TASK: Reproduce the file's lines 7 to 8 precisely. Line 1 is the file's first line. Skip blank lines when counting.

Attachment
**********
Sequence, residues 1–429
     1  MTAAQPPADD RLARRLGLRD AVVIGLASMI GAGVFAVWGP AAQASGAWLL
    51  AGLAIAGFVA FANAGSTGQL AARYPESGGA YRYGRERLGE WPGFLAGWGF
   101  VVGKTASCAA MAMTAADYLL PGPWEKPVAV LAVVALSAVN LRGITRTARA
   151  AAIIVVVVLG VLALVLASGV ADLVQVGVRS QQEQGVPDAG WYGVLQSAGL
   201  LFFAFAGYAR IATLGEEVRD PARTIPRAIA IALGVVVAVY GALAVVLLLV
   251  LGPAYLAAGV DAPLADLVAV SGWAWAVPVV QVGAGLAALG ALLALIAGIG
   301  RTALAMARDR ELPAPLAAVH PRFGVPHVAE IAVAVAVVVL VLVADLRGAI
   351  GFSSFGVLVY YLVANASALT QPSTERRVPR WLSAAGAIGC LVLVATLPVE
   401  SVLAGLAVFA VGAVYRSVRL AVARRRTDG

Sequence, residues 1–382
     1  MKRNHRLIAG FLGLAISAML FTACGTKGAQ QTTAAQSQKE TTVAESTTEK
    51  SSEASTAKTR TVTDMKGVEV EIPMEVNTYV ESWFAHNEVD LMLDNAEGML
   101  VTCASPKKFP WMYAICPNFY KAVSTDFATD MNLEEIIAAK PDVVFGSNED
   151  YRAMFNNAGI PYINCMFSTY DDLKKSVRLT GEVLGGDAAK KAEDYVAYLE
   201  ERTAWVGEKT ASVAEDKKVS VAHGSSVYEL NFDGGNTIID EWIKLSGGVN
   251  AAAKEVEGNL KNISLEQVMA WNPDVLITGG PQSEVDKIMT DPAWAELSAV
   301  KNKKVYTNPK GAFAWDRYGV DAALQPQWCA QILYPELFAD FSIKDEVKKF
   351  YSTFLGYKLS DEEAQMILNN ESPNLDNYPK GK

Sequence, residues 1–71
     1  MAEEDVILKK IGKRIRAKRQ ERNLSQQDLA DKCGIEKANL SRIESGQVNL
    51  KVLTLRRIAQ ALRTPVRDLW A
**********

   251  LGPAYLAAGV DAPLADLVAV SGWAWAVPVV QVGAGLAALG ALLALIAGIG
   301  RTALAMARDR ELPAPLAAVH PRFGVPHVAE IAVAVAVVVL VLVADLRGAI